To answer those questions he suggested following a three-step process:
  • Define the problem you are solving
  • Evaluate your solution
  • Build your Value Prop.


Simple, right? However, tackling each step of the process is going to be a bit of work.

Is your product solving a real problem? What defines a real problem? A real problem can be identified by 4Us:
·         Unworkable – If this problem happens, someone loses their job or the company goes under.
·         Unavoidable – Everyone in your market will encounter a time where your solution will be beneficial.
·         Urgent – The problem is currently causing issues and the customer will be able to benefit quickly.
·         Underserved – Don’t compete in a flooded market, your resources are finite.

After you’ve defined the real problem, look back at your idea and determine the real solution. Is it a breakthrough opportunity? Look for the 3Ds - it should be Discontinuous Innovation, Defensible Technology, and have a Disruptive Business Model.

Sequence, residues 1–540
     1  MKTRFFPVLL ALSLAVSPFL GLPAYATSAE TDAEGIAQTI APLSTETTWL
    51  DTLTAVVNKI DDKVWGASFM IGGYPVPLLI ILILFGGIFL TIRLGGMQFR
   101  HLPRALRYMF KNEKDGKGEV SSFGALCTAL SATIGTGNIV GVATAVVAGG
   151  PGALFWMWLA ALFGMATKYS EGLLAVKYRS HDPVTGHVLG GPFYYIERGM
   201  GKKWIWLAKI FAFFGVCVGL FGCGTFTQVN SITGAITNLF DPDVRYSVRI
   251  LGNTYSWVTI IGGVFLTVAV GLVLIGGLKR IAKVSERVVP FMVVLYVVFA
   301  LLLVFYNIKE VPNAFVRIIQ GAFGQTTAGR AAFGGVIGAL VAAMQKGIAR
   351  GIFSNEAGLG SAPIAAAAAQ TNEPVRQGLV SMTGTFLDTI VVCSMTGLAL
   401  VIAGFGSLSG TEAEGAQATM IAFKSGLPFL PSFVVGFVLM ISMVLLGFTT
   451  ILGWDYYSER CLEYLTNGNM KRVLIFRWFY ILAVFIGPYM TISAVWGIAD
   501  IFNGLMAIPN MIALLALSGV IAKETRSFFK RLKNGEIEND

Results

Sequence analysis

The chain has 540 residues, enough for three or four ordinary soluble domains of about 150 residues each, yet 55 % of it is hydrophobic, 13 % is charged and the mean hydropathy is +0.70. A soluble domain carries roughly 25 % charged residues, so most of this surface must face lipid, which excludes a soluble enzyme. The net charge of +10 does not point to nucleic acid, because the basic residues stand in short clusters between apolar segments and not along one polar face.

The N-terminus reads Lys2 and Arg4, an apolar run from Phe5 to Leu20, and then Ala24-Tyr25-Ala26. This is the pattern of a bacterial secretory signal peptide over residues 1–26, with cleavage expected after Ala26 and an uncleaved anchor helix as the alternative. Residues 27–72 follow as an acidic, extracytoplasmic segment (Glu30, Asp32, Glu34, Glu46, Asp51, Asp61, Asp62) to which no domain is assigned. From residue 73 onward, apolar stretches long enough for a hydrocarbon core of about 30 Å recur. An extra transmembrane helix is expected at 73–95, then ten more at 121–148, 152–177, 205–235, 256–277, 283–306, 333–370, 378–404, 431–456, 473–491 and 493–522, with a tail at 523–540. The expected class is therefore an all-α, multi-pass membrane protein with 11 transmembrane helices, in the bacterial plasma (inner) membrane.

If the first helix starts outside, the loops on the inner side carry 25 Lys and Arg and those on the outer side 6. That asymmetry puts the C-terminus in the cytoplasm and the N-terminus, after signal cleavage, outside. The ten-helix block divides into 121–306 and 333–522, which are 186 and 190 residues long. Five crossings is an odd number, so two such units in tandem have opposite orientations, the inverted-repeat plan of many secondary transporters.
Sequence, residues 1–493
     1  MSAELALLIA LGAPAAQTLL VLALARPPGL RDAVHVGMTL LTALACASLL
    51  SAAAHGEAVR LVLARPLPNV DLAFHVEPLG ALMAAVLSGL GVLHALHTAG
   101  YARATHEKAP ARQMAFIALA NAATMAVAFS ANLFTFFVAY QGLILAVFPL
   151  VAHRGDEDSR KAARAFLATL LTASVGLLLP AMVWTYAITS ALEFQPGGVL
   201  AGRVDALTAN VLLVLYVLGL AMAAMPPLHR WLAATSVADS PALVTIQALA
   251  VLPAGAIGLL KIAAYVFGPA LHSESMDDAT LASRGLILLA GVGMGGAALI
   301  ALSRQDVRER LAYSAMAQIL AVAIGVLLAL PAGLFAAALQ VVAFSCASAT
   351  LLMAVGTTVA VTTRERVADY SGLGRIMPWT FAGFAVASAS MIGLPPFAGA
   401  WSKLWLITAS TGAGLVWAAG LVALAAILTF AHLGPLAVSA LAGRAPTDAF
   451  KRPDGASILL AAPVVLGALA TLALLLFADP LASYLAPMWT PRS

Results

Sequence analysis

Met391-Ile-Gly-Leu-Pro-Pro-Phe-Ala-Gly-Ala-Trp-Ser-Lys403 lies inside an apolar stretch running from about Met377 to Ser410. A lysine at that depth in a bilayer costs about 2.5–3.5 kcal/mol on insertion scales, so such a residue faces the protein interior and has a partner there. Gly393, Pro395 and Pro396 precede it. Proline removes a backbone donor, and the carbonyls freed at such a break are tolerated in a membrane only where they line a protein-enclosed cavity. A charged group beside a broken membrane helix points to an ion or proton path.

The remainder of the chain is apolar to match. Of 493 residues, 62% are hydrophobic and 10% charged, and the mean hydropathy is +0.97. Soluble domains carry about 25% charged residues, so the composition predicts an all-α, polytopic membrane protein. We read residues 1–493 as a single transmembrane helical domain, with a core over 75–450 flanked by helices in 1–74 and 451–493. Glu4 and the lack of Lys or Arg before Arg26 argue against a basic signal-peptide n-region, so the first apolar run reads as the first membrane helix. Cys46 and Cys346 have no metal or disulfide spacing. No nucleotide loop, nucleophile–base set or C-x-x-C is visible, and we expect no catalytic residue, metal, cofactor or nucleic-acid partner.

With the solution now in hand, it’s time to evaluate it. Are the client’s gains from using your product going to outweigh the pains of trying it and implementing it? Could they get by with a competitors’ cheaper product, or even without doing anything at all? If there’s not a large enough gain to pain gap (gain >10x pain) you will have a difficult time getting clients to adopt which tosses you into the unworkable problem category! Focus on disruptive innovation with non-disruptive adoption.

Now – with all these insights in mind - take another look at your Value Prop to fill in the template:
  • Who is your product for?
  • What are they dissatisfied with?
  •  What is your product?
  • What is the key problem solves?
  • Why is your product is better than anything else in the space currently?

Wednesday, February 4, 2015

MassTLC Welcomes National Telecommunications Company CenturyLink as a Global Sponsor

Mass Technology Leadership Council (MassTLC), a leading technology association and premier network for technology executives, announced today that the third largest U.S. telecommunications company, CenturyLink, has joined the organization as a Global Sponsor, a category that includes companies such as IBM, HP, Rocket Software, Microsoft and other notable brands in the technology sector.

“We are thrilled to have CenturyLink come on board as a Global Sponsor and show their commitment to the region’s technology community. Their strong reputation for leadership in the areas of cloud infrastructure and hosted IT solutions will help to enhance the value of our Cloud Cluster community and beyond,” said Tom Hopcroft, President and CEO of MassTLC.